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Minnesota ed officials watch affirmative action case closely
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The Supreme Court building in Washington, D.C. (Photo courtesy of U.S. Supreme Court)
The U.S. Supreme Court hears oral arguments Tuesday in the affirmative action case against the University of Michigan. It's being called the most important case of its kind in 25 years. The University of Minnesota and the state's private colleges will be closely watching the court and its decision.

St. Paul, MN — The University of Michigan's efforts to increase diversity on its Ann Arbor campus have been under scrutiny since 1997, when three white students sued the university because they were denied admission to the undergraduate and law schools.

They call Michigan's admissions policies blatantly illegal, because the school gives preferential treatment to minority applicants.

The Center for Individual Rights, a public interest law firm in Washington, D.C., is supporting the plaintiffs and their Supreme Court challenge to Michigan's affirmative action policies. Firm spokesman Curt Levey says the Supreme Court's decision in this case could affect college admissions policy nationwide.

"We're fighting for a larger principle here, which is that people should be judged as individuals, rather than based on the color of their skin. And we think that's a principle that applies to all schools, public and private. A broad Supreme Court ruling would emphasize that the law requires that," says Levey.

We do use race as a factor in our admissions process. However, we are very moderate in how we use it in the process. It's just one factor among many.
- Wayne Sigler, U of M's admissions director

The Bush administration has filed a friend of the court brief in support of the plaintiffs.

University of Michigan officials say their affirmative action policy is based on the premise that diversity is an important educational value. It's a value shared by more than 70 educational and business groups that have filed briefs on behalf of the university.

Wayne Sigler, the University of Minnesota's director of undergraduate admissions, says the university supports the value of diversity, because it is critical to enhancing student life and learning on campus.

He says the school does look at race in admissions. He says the U defines diversity broadly, considering economic background, special skills or talents for example.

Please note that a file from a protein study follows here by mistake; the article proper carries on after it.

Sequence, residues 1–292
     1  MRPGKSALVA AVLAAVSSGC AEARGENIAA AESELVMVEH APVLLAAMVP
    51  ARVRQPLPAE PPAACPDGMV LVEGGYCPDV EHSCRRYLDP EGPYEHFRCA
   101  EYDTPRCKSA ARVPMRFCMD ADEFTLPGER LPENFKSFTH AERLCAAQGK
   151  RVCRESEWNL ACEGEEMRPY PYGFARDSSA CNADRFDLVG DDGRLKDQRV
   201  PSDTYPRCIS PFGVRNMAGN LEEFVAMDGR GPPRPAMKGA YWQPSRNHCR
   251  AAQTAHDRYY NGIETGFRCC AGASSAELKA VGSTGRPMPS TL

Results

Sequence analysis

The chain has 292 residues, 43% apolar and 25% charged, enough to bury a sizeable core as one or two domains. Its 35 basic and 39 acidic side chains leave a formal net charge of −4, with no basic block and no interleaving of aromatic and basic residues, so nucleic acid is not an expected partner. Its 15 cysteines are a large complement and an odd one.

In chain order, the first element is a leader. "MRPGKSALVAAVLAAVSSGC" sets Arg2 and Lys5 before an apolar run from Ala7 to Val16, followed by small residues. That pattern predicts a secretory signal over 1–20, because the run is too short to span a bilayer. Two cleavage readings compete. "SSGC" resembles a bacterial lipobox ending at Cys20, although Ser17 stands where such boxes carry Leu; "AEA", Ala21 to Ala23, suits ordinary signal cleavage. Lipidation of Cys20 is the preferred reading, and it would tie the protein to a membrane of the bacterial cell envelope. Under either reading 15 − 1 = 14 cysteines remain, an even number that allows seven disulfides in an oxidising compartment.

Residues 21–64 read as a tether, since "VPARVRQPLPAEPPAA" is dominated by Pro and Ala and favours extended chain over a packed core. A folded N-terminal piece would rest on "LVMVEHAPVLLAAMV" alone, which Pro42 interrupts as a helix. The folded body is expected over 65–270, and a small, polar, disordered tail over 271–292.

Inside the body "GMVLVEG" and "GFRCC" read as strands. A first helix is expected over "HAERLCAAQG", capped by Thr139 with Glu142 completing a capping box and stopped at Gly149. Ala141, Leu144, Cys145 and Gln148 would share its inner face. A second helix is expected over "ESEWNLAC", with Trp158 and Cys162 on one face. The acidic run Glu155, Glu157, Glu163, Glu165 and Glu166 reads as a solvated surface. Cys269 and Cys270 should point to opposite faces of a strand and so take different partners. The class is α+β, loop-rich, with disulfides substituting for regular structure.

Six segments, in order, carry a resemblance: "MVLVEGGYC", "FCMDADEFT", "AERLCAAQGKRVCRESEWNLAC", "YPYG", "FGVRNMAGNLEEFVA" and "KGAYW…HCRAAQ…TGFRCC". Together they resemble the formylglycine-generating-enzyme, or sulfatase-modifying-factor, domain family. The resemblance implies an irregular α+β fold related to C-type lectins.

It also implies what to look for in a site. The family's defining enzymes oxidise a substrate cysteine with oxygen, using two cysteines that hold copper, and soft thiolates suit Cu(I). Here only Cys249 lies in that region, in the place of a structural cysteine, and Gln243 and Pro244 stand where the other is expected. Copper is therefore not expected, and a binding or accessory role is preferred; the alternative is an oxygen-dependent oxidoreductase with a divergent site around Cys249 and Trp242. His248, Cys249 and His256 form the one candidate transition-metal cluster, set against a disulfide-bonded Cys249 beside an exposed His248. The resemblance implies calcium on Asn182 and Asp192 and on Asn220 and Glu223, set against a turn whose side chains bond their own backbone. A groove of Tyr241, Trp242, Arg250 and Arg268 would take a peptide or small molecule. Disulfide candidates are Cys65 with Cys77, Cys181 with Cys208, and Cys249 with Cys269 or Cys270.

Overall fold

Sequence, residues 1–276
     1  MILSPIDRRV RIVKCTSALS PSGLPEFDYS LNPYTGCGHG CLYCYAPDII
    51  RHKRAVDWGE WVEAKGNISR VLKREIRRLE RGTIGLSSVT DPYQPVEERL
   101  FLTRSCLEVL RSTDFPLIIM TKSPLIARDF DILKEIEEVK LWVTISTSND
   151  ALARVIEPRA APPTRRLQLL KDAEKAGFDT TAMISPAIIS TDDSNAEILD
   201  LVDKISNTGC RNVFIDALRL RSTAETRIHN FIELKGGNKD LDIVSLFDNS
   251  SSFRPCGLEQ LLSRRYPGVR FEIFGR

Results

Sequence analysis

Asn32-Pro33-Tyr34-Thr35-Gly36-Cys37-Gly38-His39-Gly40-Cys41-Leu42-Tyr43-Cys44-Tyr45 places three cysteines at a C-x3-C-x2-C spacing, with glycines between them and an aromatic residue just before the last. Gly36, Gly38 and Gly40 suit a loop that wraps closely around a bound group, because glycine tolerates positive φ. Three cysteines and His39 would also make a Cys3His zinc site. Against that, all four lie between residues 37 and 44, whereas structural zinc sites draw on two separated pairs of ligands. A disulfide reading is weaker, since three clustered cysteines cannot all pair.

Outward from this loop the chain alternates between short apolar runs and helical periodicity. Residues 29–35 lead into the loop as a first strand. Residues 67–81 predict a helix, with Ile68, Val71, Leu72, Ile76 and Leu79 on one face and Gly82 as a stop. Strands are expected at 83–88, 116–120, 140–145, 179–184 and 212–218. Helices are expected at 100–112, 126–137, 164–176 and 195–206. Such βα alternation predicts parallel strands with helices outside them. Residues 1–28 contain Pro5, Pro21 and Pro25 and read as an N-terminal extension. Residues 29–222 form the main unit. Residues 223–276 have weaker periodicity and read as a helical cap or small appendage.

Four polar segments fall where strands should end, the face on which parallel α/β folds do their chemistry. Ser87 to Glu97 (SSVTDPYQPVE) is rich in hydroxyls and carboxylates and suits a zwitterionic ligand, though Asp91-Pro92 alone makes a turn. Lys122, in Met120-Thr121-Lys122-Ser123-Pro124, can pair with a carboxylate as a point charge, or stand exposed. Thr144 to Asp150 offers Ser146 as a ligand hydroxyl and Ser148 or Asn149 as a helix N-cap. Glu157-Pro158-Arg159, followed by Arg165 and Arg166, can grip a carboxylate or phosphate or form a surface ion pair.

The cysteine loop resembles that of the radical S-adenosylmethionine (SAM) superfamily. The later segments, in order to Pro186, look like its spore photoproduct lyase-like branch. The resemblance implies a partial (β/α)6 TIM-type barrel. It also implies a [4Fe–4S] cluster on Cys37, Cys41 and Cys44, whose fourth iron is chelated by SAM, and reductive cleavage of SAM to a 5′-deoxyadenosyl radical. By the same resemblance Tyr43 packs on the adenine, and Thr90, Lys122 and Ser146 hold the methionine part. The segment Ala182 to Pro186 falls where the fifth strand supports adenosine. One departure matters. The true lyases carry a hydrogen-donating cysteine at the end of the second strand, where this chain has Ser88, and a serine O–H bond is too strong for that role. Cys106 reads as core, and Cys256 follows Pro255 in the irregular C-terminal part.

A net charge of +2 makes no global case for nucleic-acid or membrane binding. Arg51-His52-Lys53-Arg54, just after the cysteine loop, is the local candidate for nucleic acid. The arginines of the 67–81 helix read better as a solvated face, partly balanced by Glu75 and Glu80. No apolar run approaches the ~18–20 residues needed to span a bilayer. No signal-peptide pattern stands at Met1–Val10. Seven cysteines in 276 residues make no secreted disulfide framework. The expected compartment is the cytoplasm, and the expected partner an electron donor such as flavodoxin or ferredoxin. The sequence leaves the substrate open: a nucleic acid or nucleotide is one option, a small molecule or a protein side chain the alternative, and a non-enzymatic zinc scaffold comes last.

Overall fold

"We do use race as a factor in our admissions process. However, we are very moderate in how we use it in the process. It's just one factor among many," says Sigler. "It's never the controlling factor, and the university never sacrifices academic qualifications to achieve numeric goals."

Sigler says people of color made up 18.5 percent of the U's fall 2002 undergraduate class. In the law school, officials say 18 percent of the 2002 class are students of color.

The University of Minnesota has not taken an official position on the case, but the U's General Counsel Mark Rotenberg is in Washington to monitor the arguments. He says the decision could have sweeping consequences.

"Affirmative action is a widely practiced technique for achieving diverse student bodies in hundreds of higher education institutions in the United States," says Rotenberg. "But nobody knows whether the Supreme Court will give the plaintiffs everything they want. The court could easily rule against them, and I wouldn't hazard a guess as to how the court will come out."

Officials at the Minnesota State Colleges and Universities system say they're not subject to whatever the Supreme Court decides, because MnSCU admits nearly any academically qualified applicant on a first-come, first-served basis.

The Minnesota Private Colleges Council is taking a position in support of the University of Michigan.

Council President David Laird says affirmative action policies address the increasingly diverse and globally interdependent world we live in. He says institutions have a responsibility to create a diverse environment of learning among peers.

"Who may be somewhat different and who may represent different cultures, different backgrounds, different approaches," says Laird. "And if we're not going to accomplish that in our educational system, where else are we going to provide the fabric of understanding and civility that will help us through the challenges that are clearly in our future?"

The Supreme Court's decision in the University of Michigan case is expected by June.

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